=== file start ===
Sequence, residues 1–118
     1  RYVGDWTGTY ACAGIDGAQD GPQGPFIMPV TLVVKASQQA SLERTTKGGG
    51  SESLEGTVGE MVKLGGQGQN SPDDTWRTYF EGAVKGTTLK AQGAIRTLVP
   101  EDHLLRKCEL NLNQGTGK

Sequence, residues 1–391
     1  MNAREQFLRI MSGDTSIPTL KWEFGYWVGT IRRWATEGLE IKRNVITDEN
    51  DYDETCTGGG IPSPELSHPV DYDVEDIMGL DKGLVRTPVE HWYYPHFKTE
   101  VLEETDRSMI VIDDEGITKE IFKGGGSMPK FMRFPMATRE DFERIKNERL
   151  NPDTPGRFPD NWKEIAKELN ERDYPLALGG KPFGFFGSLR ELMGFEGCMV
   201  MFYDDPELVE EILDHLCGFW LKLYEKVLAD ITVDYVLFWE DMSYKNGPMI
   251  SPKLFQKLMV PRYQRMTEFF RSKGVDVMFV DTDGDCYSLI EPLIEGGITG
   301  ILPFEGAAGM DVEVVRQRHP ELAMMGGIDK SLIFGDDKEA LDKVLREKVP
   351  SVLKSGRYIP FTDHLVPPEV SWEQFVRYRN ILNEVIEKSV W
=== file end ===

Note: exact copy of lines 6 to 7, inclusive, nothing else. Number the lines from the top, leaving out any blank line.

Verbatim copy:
     1  MNAREQFLRI MSGDTSIPTL KWEFGYWVGT IRRWATEGLE IKRNVITDEN
    51  DYDETCTGGG IPSPELSHPV DYDVEDIMGL DKGLVRTPVE HWYYPHFKTE